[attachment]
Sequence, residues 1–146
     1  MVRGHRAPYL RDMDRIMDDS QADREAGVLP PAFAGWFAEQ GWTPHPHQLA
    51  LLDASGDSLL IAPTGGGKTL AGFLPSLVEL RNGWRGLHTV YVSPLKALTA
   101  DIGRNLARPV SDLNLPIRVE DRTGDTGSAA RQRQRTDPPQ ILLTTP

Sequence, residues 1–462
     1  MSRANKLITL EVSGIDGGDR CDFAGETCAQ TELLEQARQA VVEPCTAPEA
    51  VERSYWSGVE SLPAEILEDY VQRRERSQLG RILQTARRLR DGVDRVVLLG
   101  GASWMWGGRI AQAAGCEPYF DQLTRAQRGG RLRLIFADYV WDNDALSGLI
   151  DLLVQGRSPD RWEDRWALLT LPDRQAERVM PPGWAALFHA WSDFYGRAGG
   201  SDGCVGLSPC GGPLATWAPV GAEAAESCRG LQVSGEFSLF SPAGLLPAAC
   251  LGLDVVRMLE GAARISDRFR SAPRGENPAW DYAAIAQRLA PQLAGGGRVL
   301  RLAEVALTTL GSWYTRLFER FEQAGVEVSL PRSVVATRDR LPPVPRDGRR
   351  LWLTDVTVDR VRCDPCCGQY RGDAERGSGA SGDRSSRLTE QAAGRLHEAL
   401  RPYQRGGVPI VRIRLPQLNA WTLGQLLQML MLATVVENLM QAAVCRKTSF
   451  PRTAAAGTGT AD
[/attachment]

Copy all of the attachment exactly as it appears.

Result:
Sequence, residues 1–146
     1  MVRGHRAPYL RDMDRIMDDS QADREAGVLP PAFAGWFAEQ GWTPHPHQLA
    51  LLDASGDSLL IAPTGGGKTL AGFLPSLVEL RNGWRGLHTV YVSPLKALTA
   101  DIGRNLARPV SDLNLPIRVE DRTGDTGSAA RQRQRTDPPQ ILLTTP

Sequence, residues 1–462
     1  MSRANKLITL EVSGIDGGDR CDFAGETCAQ TELLEQARQA VVEPCTAPEA
    51  VERSYWSGVE SLPAEILEDY VQRRERSQLG RILQTARRLR DGVDRVVLLG
   101  GASWMWGGRI AQAAGCEPYF DQLTRAQRGG RLRLIFADYV WDNDALSGLI
   151  DLLVQGRSPD RWEDRWALLT LPDRQAERVM PPGWAALFHA WSDFYGRAGG
   201  SDGCVGLSPC GGPLATWAPV GAEAAESCRG LQVSGEFSLF SPAGLLPAAC
   251  LGLDVVRMLE GAARISDRFR SAPRGENPAW DYAAIAQRLA PQLAGGGRVL
   301  RLAEVALTTL GSWYTRLFER FEQAGVEVSL PRSVVATRDR LPPVPRDGRR
   351  LWLTDVTVDR VRCDPCCGQY RGDAERGSGA SGDRSSRLTE QAAGRLHEAL
   401  RPYQRGGVPI VRIRLPQLNA WTLGQLLQML MLATVVENLM QAAVCRKTSF
   451  PRTAAAGTGT AD